In carrying out this procedure, I make a few discoveries for myself. I find it slightly awkward to reach the f#′ and the e′ in measure 24 with the right hand. I find it somewhat awkward to track the middle-voice notes beginning with the last quarter note of measure 27 and going on for about two measures with the left hand. However, I find it easier to get the c#′ at the end of measure 29 with the left hand than with the right. There are various other details. Again, this is all empirical, and it is just about me: no one else will necessarily experience the passage that way. (For one thing, my feeling for hands and fingers here inevitably bears the traces of my having played the piece for more than forty years, and of my initial encounters with the piece when I was very much a beginner, and tried to read through it and learn it without the guidance of a teacher!) However, anyone can discover a fair amount about what will work best by trying it out this way.
Here are a few more analytical or specific things to say about the passage:
1) If you take the a′ on the second quarter note of measure 23 in the right hand, expecting also to take the b′ immediately following it in the right hand, then that gesture—going from a′ to b′—involves contracting the hand. This is, all else being equal, relaxing and natural.
2) Measure 24 is perhaps an especially good place to alternate hands in the middle voice. If you play the d′ with 4 in the left hand, then the left hand can easily play the f#′ with 2, then the c#′ with 5 and the e′ with 3.
3) If you alternate in this way, then you can play from the beginning of measure 23 through the downbeat of measure 25 without changing the right hand’s position.
4) The g#′ in measure 26 will be easier for most players to take in the left hand. This is because it is far enough from the f#′′ in the right hand that the right hand must execute an uncomfortable stretch or assume an uncomfortable hand position in order to reach it.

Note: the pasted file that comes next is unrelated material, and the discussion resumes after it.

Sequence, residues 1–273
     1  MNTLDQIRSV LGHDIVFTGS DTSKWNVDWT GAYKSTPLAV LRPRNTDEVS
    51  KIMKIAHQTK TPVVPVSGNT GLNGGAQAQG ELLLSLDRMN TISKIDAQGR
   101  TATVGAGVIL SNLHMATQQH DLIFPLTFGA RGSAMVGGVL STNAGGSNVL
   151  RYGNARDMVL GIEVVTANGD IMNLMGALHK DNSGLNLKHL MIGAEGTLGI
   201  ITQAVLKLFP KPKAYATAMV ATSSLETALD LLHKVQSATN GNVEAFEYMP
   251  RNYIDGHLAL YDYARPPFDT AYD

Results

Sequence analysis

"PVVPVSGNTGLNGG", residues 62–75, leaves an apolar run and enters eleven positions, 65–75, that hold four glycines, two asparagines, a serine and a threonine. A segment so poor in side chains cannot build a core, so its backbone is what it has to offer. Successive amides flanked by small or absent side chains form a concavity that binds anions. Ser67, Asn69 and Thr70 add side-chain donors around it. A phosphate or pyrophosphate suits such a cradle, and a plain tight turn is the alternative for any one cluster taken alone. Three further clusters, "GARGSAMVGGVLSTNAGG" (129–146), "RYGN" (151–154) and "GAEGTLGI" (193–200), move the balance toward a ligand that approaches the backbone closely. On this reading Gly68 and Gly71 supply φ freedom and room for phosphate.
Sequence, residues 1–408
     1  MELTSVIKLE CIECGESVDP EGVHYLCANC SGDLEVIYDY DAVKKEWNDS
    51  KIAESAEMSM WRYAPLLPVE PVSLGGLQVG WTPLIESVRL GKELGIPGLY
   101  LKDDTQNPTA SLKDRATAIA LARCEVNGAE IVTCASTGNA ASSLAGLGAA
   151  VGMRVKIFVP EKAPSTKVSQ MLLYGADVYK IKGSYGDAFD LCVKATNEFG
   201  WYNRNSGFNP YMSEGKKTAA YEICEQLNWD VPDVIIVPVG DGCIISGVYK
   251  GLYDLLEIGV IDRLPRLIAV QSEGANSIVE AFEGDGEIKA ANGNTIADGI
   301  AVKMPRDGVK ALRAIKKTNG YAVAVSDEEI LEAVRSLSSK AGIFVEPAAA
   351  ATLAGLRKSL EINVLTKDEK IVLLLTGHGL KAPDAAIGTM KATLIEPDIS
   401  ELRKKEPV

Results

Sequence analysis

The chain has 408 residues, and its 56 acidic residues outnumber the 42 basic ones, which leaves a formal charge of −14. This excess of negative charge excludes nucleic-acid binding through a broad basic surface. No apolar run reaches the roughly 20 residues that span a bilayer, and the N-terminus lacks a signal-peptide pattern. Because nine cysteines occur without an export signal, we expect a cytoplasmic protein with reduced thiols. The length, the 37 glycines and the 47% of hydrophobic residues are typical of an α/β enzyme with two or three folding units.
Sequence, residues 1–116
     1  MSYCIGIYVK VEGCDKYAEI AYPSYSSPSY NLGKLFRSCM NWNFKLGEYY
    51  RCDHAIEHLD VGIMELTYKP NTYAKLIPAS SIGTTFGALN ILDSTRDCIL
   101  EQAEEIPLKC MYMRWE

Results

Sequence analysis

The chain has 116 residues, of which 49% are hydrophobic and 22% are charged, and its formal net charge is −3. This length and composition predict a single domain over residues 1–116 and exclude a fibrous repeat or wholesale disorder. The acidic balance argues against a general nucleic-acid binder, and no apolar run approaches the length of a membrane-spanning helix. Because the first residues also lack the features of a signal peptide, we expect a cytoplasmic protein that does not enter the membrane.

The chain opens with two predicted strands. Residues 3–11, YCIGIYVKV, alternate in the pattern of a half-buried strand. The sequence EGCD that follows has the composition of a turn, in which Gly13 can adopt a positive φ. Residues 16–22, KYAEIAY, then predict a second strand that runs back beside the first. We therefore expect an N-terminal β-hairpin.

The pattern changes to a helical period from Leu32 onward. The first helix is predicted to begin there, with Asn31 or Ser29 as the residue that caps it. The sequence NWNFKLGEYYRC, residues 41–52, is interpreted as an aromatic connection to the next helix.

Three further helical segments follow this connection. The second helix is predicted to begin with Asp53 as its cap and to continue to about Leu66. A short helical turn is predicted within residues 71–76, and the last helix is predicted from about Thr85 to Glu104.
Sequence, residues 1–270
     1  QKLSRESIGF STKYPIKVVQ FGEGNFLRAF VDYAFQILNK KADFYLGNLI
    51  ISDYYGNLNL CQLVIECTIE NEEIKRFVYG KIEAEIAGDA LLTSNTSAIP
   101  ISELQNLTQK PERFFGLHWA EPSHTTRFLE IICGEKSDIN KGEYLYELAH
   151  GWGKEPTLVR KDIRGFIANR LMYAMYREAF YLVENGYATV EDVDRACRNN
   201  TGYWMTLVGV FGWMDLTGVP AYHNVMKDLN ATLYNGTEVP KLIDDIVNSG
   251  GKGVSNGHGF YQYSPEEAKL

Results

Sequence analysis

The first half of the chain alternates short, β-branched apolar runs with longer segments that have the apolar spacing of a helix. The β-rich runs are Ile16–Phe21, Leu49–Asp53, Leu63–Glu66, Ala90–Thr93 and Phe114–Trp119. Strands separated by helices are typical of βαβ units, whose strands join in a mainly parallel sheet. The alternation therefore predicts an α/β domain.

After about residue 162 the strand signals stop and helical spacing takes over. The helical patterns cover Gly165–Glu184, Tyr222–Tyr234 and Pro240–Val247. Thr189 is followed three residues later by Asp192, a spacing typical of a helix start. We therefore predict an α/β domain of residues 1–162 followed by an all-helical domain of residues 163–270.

Answers to questions about what hand distribution is the most comfortable— particularly in a case like this, where any number of things are possible—may depend in part on interpretive choices. Certainly in this passage, as I mentioned above concerning the earlier part of this section of the piece, if the player wants to make the lines truly legato, that choice will have implications for hand distribution that are different from what might apply if the notes are by and large detached. Full-fledged legato will tend to require more substitution and might in general lead to a need for more even sharing of the voices. It will be easier to finger the outer voices legato if neither hand has to track the middle voice for very long at once. (More substitution and a more even sharing of the middle voice might be alternatives to each other.) If the player wishes to keep the lines detached, a wider variety of hand distribution choices will work fluently and well. In effect, more fingers are available, since fingers that are already holding notes are nonetheless available to play the immediately following notes. Since interpretive choices can—and should—change as someone gets to know a piece better, and also just over the course of a player’s career, fingering choices and hand distribution choices have to be revisited from time to time. Even in the first stages of learning a piece, hand distribution choices might have to be revisited as the specifics of the fingering develop. This is sort of a paradox: you literally can’t create fingerings until you know which hand is going to play which notes, but you might want to make changes in your template as to which hand will play which notes based on the way the fingering works out in practice. (This is only a concern with passages like the one we are looking at now where the hand distribution choices are rather open.) There is no way around this: it is part of the process.